Life of Sea | Goblin Shark (Mitsukurina owstoni) |Goblin shark is a deep-sea shark, the only living species in the family Mitsukurinidae. The most striking characteristic of the Goblin shark is the unusual shape of his head. The Goblin shark is a demersal (living on or near the bottom) to mesopelagic inhabitant of outer continental shelf and found the slopes. They are slow and neutral buoyancy. Many are caught off Honshu, Japan. They live near the sea in specific locations in the Pacific, Atlantic and Indian Oceans. About half of the known specimens were found in the Sagami and Suruga Bays in Japan, others in Kaikura, New Zealand and southern Africa. A substantial population is reported from Madeira. Goblin sharks are found in Australia, New South Wales and possibly southern Australia.
Family: Mitsukurinidae,D. S. Jordan, 1898
Genus: Mitsukurina, D. S. Jordan, 1898
Species: M. owstoni
Goblin shark has a long, trowel-shaped, beak-like rostrum or snout, much longer than other sharks' snouts. Some other distinguishing features of the shark are the color of his body, which is mostly pink, and its long, protrusible jaws. When the jaws are withdrawn, the shark resembles a pink-gray nurse shark with an unusually long nose. Their heterocercal tails are similar to the thresher shark, with the upper lobe significantly longer in proportion than other sharks. Furthermore, the Goblin shark's tail lacks a ventral lobe.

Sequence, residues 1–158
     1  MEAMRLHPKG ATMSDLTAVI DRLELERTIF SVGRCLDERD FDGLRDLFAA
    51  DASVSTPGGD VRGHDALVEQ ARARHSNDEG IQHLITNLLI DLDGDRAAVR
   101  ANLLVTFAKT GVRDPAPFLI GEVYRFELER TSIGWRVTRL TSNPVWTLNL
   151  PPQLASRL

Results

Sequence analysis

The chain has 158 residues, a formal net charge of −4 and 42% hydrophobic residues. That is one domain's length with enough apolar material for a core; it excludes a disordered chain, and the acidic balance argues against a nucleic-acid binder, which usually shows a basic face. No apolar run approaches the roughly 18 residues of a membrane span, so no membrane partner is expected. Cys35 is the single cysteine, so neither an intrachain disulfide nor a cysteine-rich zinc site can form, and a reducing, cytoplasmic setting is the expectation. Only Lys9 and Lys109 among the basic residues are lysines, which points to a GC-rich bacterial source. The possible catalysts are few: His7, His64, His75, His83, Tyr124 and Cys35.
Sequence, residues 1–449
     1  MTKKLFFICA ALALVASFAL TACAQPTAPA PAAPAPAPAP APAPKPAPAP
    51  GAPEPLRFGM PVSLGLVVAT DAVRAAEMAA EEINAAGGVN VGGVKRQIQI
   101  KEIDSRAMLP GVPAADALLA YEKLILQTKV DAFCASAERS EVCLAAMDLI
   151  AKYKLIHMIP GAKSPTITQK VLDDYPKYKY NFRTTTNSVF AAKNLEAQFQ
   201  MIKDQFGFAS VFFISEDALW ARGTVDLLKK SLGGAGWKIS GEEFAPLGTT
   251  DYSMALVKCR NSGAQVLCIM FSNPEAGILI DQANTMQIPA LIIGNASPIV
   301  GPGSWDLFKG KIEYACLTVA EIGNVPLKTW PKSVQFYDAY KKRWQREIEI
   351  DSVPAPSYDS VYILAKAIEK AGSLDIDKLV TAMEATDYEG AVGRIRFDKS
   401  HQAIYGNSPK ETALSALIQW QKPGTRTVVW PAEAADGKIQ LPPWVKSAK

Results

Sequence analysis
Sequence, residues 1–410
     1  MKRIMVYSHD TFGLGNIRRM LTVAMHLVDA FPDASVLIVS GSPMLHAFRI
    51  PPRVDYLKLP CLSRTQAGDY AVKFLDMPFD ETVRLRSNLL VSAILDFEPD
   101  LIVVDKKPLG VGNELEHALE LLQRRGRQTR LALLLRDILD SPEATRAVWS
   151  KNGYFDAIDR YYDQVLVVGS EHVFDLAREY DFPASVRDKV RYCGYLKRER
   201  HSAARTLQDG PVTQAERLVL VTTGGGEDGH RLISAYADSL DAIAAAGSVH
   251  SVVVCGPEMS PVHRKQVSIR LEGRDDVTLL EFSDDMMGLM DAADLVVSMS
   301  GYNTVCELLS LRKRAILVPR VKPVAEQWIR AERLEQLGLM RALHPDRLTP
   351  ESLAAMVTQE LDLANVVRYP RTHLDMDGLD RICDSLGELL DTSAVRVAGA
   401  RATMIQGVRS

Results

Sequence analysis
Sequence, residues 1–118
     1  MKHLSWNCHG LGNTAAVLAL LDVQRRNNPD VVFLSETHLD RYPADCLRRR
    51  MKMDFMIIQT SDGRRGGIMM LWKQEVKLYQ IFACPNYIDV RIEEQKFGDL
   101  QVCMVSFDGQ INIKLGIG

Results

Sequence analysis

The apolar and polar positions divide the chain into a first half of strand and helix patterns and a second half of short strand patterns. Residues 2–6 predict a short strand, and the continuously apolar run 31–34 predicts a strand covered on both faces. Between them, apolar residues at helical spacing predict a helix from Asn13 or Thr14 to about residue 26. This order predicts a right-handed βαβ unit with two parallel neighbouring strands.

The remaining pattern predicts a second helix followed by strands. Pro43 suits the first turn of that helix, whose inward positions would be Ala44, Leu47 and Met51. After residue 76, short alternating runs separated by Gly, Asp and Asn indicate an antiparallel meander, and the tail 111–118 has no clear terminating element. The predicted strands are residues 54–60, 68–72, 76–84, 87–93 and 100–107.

The pink color, unique among sharks is due to the blood vessels under a semi-transparent skin (bruising, which is easy), so the color. The fins have a bluish appearance. Goblin sharks lack a nictitating membrane. They have no precaudal pit and no keels. The front teeth are long and smooth edges, while the rear teeth are adapted for crushing. Up to 25% of the body of the goblin shark's weight can be liver. This is similar to other sharks like the basking shark and the shark ruffles, and contributes to the buoyancy of the shark, like all sharks lack a swim bladder.
Goblin sharks hunt by sensing the presence of prey with electro-sensitive organs in the stage, or snout, due to the absence of light in the deep waters where it swims. Once a shark finds its prey, it suddenly protrudes its jaws, while using a tongue-like ability to suck the victim into its sharp front teeth. Goblin sharks feed on a variety of organisms that live in deep waters. Some of their known prey are deep-sea squid, crabs and deep sea fishing. Goblin sharks are usually found as a fishing "bycatch. While they remain close to the seabed, they are usually caught via deep bottom-set gillnets and sea-bottom long-line fishing. They are sometimes caught by trawling. They are also sometimes found entangled by deep-fishing lines.